Stay In Your Lane: How To Avoid A NYC Bus Lane Violation

bus lane violation

Summary & Quick Facts

  • No car or truck may sit idle, park in or drive in a bus lane. 
  • The city enforces its bus lane regulations in two ways: with bus lane cameras and police enforcement.
  • If you are caught by a camera, the infraction is treated like a parking ticket.
  • If you are caught by an NYPD officer, this infraction is treated as a moving violation.
  • The severity of penalties depends on how you are caught.
  • Fines for a bus lane violation range from $115-$150.
  • You may also receive 2 points on your license.

Bus Lanes Are Important To New York City

The streets of NYC have many stakeholders.  Pedestrians, bikers and motorist alike all use the roads to get around the city. One of the biggest and most important stakeholders, of course, is the MTA city bus.  Subsequently, bus exclusive lanes are important arteries in the city and integral to its mass transit system. For this reason, drivers in New York City should avoid bus lanes at all cost. These lanes must be free to allow buses to safely load passengers and unload passengers. When drivers illegally operate in bus lanes, they not only impede the safe operation of buses but also impede passengers who depend on buses to get around. As a result, the laws in New York are very clear: it is not lawful for drivers to drive, park, or stand in bus lanes during designated hours. This article will provide all the info you need to avoid a bus lane violation in NYC. 


Types Of Bus Lanes

Bus lanes are used by MTA buses as well as emergency vehicles on some occasions. Nevertheless, all vehicles can use a bus lane when bus lanes are not in effect. There are two kinds of bus lanes: a curbside bus lane and an offset bus lane. Curbside bus lanes are travel lanes for buses that meet the sidewalk curb. For curbside bus lanes, parking or standing at the curb is not allowed during the hours the bus lane is in effect.  Offset bus lanes are travel lanes for buses that are one lane away from the curb. They are usully separated from the curb by parked cars or a bike lane. This makes parking and standing at the curb still possible.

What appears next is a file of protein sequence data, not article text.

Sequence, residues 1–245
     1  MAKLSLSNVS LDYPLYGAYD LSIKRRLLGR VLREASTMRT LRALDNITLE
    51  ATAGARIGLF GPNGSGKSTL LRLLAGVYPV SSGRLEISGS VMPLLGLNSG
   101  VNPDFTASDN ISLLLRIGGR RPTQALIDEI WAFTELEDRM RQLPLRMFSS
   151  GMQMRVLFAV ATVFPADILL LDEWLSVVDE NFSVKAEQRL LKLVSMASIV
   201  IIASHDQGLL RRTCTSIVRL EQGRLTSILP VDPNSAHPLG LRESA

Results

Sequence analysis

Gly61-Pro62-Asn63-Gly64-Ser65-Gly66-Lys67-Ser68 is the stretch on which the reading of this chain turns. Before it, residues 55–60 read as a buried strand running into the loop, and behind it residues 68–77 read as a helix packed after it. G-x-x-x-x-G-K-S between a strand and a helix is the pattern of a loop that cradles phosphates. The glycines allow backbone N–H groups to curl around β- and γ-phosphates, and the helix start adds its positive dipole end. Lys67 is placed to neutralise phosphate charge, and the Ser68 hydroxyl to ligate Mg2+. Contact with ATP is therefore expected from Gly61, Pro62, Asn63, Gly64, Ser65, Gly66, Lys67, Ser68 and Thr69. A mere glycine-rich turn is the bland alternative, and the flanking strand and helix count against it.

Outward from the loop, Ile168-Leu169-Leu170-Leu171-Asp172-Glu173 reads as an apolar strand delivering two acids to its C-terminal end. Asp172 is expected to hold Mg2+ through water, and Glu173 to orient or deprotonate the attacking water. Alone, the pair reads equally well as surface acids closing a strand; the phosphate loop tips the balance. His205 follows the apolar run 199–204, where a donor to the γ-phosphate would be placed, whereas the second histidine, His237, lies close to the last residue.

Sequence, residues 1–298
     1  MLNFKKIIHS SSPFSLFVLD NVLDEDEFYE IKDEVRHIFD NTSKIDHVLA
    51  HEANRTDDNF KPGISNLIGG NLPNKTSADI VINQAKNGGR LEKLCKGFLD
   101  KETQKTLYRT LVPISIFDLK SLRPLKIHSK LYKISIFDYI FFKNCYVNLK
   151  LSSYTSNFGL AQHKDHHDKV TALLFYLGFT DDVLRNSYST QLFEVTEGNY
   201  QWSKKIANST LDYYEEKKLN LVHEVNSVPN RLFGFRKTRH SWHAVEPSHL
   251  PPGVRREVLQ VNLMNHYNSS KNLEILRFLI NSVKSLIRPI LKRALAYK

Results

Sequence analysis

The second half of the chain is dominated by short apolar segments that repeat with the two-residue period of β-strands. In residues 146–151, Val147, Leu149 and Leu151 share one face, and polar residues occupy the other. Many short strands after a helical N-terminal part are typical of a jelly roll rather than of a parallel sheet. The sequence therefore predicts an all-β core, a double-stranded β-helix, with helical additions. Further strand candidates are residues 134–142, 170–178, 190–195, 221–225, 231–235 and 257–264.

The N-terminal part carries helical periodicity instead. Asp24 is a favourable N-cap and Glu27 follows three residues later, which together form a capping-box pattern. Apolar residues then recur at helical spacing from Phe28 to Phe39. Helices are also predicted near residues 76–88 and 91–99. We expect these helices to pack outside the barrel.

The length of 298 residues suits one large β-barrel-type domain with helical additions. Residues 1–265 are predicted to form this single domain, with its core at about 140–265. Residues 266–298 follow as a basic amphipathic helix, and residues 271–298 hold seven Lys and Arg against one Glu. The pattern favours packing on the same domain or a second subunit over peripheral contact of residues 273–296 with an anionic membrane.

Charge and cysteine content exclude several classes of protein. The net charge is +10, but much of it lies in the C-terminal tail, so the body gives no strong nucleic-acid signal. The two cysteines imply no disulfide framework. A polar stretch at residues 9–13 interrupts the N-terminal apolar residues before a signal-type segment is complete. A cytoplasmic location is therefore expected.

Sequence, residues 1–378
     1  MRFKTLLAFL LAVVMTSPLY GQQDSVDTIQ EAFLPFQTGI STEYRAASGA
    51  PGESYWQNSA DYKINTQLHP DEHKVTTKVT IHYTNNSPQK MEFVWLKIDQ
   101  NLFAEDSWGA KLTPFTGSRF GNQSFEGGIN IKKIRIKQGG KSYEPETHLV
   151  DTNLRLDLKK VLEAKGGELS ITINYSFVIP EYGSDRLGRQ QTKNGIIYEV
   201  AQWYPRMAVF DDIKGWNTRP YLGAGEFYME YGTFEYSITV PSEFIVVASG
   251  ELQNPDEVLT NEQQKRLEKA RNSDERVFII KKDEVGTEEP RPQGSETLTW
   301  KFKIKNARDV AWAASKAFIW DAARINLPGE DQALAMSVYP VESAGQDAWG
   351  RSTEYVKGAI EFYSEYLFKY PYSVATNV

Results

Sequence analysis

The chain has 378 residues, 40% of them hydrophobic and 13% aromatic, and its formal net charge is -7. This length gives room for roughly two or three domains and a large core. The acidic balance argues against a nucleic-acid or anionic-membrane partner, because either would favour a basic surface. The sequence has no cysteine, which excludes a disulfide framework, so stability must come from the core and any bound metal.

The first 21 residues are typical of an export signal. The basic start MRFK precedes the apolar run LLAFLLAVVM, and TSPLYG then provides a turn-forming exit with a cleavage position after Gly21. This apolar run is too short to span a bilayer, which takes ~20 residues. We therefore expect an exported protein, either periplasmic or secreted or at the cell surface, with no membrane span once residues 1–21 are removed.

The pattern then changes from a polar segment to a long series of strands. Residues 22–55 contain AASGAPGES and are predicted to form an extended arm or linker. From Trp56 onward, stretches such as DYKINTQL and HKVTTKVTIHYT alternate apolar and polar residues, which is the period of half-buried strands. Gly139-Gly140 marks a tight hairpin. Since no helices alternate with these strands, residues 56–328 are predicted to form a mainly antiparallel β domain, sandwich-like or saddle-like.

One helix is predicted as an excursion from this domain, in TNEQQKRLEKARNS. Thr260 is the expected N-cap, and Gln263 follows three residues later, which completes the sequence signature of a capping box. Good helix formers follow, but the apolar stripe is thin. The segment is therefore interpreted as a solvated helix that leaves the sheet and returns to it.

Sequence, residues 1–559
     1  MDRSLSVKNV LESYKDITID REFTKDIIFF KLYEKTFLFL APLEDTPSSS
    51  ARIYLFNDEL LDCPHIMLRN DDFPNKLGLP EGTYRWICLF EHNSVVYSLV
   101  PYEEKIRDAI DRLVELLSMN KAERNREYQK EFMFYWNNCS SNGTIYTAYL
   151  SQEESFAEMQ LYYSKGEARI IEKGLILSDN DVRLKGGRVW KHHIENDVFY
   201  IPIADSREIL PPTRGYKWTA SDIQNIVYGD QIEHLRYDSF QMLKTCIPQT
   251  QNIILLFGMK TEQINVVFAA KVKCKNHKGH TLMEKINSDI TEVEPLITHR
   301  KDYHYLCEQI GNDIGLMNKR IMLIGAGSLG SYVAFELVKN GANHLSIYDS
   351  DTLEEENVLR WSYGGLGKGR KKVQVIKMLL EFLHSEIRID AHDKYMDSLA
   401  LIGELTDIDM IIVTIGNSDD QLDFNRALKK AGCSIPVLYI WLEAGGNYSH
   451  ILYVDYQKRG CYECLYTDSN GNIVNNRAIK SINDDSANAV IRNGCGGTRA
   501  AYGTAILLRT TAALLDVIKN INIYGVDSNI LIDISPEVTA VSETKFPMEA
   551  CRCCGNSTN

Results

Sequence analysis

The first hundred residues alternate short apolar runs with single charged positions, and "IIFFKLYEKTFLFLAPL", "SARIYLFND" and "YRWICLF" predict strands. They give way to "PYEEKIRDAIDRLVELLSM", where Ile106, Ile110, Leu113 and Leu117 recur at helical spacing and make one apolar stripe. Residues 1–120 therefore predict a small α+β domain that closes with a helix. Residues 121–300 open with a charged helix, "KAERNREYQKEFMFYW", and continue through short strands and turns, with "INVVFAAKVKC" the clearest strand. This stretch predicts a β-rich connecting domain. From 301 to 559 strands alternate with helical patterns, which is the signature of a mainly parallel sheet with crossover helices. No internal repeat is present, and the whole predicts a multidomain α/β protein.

Bus Lane Enforcement

Drivers beware! No car or truck may sit idle, park in or drive in a bus lane. The city chooses to enforce its bus lane regulations in two ways: using cameras and police enforcement.

Bus Lane Cameras

The City has installed cameras along bus lanes to catch violators. The city posts signs along routes that have bus lane cameras as an extra warning for drivers to keep out of bus lanes during restricted times.  Drivers who are issued a citation can actually view the video of their violation online. If a driver wishes to dispute their violation, there is a deadline under which he or she must do so.

Police Enforcement

Don’t think getting caught on candid camera is the only way you can get hit with a ticket. The NYPD regularly patrols bus lanes across the city and issues both moving violations and parking tickets to drivers who violate the bus lane regulations.  Bus lane violations enforced by NYPD officers will be issued on the spot.



A bus lane violation results in a fine ranging from $115 to $150. However, depending on how you are caught determines the severity of the penalties you face. For example, Bus lane violations caught on camera are essentially parking tickets.  If you are caught on camera by a city bus, expect a notice to arrive in the mail approximately 30 days after the violation.